Meeting blowhards are people who repeatedly consume more talk time in meetings than the value of their contributions can justify. Being a blowhard is not about getting more than one's "fair share" of talk time. What matters most is whether the time blowhards consume is in line with the value of their contributions.
Most of the techniques that control blowhards so effectively in face-to-face meetings don't work as well in virtual meetings. For example, in a face-to-face meeting, if a blowhard is just starting to hold forth, we might declare a break to interrupt the blowhard, and resume after the break with a change of topic. But in a virtual meeting, if we declare a break, we can lose valuable time and perhaps several participants.
Because blowhard behavior is a performance issue, it's best to deal with the problem through the blowhard's supervisor. But to handle it in the moment, here's a set of suggestions for controlling blowhards in both face-to-face meetings and virtual meetings.
- Manage the queue
- Most large meetings (more than six to eight people) maintain queues of people waiting to speak. Many small meetings don't, because informality usually works. But if blowhards are present, queue management helps in rationing time: "Let's leave it there, we have a couple of people in the queue."
- Limit time per contribution
- Agree in advance to cap the time contributors receive with each speaking opportunity. Three minutes might seem short, but try it. Filling three minutes with real, original value is usually difficult when speaking extemporaneously.
- Limit the number of points per contribution
- Agree in Agree in advance to cap the
time contributors receive with
each speaking opportunityadvance that contributors limit themselves to just a few points, subject to the ruling of the chair. Limits make the conversation easier to follow, but more important, they compel people to focus on what they regard as most important. And they hobble blowhards. Two is a good number.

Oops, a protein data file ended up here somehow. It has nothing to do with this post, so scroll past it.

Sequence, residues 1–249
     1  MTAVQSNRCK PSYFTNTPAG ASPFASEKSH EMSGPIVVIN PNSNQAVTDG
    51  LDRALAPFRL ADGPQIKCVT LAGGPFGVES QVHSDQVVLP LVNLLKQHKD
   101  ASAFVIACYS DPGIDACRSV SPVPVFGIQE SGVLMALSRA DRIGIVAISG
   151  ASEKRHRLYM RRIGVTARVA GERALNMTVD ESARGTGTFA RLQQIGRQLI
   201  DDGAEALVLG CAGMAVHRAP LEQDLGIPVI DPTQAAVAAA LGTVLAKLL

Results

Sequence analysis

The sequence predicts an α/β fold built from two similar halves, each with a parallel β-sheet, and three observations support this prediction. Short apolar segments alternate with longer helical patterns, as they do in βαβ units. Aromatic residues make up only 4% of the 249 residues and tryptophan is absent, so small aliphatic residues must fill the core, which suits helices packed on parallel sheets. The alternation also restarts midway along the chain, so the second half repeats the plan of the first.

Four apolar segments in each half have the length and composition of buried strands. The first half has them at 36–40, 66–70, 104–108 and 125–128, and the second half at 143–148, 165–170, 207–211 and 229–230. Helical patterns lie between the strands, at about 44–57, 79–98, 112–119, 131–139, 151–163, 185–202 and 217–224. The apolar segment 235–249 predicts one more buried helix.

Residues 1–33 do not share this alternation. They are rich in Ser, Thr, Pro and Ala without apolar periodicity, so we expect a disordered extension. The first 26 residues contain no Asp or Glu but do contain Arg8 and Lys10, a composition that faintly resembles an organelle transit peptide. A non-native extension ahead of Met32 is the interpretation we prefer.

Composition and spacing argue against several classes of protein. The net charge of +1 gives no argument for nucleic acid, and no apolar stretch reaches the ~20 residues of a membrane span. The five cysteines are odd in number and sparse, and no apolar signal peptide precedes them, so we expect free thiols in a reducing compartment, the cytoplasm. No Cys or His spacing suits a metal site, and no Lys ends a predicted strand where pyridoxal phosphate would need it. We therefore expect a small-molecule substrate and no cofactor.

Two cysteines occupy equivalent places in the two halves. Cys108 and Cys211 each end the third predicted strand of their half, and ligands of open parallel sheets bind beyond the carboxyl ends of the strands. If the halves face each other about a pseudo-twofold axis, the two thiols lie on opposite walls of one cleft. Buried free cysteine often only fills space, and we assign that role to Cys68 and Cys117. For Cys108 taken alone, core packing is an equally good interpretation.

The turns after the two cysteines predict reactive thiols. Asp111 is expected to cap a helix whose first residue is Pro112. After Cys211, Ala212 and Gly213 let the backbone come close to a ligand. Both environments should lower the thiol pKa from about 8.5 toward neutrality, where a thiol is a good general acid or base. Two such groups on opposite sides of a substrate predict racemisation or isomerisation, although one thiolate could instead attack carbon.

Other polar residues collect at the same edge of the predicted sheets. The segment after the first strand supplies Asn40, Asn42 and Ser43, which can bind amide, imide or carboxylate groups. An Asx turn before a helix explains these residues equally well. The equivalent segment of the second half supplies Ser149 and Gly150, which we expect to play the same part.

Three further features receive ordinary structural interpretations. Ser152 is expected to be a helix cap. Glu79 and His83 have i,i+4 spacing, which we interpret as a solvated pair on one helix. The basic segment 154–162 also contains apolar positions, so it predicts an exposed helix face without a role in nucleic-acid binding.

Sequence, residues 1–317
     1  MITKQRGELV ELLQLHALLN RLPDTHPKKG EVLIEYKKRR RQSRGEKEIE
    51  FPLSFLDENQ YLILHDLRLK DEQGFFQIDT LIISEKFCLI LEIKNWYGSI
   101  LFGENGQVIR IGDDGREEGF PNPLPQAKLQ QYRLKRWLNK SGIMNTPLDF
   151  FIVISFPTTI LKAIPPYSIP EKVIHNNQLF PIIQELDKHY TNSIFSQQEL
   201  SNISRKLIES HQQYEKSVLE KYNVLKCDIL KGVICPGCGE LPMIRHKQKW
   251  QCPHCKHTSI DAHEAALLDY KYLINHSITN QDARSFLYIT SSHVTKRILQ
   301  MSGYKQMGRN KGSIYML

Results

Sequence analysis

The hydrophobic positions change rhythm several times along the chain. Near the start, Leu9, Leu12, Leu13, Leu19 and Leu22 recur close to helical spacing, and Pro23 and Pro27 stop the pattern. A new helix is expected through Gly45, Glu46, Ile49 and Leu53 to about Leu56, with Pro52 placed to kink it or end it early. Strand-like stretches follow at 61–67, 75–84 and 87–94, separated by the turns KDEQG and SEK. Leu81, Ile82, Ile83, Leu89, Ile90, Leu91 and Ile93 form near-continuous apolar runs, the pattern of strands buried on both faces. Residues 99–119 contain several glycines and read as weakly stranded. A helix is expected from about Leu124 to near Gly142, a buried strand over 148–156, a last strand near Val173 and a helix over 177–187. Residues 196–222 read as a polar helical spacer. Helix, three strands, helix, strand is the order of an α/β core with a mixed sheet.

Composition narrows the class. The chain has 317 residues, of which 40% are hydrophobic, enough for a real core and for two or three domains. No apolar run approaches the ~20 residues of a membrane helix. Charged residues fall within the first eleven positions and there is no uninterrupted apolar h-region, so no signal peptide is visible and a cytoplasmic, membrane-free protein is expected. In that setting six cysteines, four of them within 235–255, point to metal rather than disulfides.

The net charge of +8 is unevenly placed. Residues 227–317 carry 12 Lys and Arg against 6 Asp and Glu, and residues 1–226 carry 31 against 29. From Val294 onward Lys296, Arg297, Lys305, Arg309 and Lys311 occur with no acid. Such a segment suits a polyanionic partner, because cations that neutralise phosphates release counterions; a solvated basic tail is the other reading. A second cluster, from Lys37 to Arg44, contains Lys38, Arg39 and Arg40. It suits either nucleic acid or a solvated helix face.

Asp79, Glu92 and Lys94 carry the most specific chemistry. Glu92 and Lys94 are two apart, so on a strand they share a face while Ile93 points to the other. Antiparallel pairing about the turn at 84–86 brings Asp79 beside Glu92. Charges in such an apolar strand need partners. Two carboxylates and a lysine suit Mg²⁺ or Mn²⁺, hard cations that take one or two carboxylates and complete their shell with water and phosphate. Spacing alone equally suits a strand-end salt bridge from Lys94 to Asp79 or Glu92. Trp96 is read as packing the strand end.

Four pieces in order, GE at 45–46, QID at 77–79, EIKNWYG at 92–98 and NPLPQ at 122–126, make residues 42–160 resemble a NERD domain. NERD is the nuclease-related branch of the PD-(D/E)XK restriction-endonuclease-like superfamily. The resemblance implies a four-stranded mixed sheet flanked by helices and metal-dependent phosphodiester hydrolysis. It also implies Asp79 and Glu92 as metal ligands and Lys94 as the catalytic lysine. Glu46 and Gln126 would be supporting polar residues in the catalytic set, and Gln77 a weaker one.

- Ruthlessly enforce a no-digression rule
- Because consuming large chunks of time while staying on topic is difficult, blowhards wander. Define a no-digression norm, and appoint a Designated Digression Detector with the authority to interrupt the meeting at any time, to enforce it.
- Ban voluntary summaries
- Because summaries consume time without requiring original thought, blowhards love summarizing others' contributions. Ban voluntary summaries. Let that be a duty of the chair, or delegate it to a Designated Summarizer who fills the chair's requests for summaries.
- Ban restating others' contributions
- Restating what others have said, with possible distortions, is another pattern blowhards love. Ban restatements as a waste of time. Require all contributors to make their own points directly.
- Have build-only discussions
- Another favored blowhard pattern is deflecting the conversation into territory more favorable to the blowhard. Declaring a discussion to be "build-only" prevents this. All contributions to build-only discussions have the property that they build on, elaborate, or make inquiries about one or more previous contributions.
- Don't engage